Becoming an Unsuitable Girl by Prachi Gupta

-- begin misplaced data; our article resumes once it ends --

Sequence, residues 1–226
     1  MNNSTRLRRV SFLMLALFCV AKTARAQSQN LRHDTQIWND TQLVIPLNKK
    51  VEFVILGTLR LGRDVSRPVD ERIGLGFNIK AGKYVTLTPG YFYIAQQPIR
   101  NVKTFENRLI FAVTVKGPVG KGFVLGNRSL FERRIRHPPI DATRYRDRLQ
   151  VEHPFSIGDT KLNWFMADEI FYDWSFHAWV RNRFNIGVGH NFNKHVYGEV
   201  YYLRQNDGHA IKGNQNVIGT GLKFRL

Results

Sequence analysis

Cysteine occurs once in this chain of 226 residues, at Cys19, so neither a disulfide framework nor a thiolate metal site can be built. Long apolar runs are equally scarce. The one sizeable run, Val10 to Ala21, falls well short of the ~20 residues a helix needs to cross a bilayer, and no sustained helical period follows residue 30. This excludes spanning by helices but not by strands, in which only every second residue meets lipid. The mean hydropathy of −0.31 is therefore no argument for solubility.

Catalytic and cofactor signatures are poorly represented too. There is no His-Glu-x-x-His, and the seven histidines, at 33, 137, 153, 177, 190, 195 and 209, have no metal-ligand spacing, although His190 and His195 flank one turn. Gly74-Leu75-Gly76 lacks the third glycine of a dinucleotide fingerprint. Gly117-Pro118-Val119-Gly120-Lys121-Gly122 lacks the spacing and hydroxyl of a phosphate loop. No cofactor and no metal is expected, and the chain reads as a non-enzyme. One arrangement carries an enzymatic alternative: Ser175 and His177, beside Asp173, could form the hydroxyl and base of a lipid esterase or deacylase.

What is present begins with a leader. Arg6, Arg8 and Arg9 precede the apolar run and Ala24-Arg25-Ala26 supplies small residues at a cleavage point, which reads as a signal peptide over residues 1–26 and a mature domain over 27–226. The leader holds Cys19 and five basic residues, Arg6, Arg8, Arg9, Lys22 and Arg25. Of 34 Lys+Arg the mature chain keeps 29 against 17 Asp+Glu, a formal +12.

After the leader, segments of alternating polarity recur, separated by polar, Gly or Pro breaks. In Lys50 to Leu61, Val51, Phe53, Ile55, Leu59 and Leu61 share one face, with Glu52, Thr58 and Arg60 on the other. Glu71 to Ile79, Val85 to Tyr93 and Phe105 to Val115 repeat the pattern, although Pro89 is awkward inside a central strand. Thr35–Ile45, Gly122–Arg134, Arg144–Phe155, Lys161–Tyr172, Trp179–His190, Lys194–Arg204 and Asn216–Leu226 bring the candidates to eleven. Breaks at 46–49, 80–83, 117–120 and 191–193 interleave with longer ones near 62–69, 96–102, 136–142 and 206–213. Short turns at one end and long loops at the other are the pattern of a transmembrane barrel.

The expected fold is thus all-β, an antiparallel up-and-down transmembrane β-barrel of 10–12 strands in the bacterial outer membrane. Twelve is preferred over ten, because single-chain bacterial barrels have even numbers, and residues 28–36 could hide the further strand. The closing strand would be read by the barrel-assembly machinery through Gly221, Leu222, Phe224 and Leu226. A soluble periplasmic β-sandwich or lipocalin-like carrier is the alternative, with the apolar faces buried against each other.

As a result, arranged marriages were a part of my cultural upbringing that I mostly put out of my mind until I saw A Suitable Girl, a documentary that premiered at the Tribeca Film Festival this year. The film—directed, produced and edited by a team of almost exclusively women of color—follows Dipti, Ritu and Amrita, three Indian women in their mid-to-late 20s, for four years as they begin the process of searching for a husband. They are part of a generation forging a new identity that straddles traditional values and modern ones, where women are increasingly likely to pursue work beyond the home. A Suitable Girl successfully demystifies the process of arranged marriages—dispelling the kind of Western “otherizing” and exoticizing I experienced in school—while simultaneously casting a critical eye on how it uniquely affects women. As directors Sarita Khurana and Smriti Mundhra write, “It’s not a film about child brides, female infanticide or slum life, but rather the deep-rooted, systemic and nuanced sexism a woman faces from the day she is born.”

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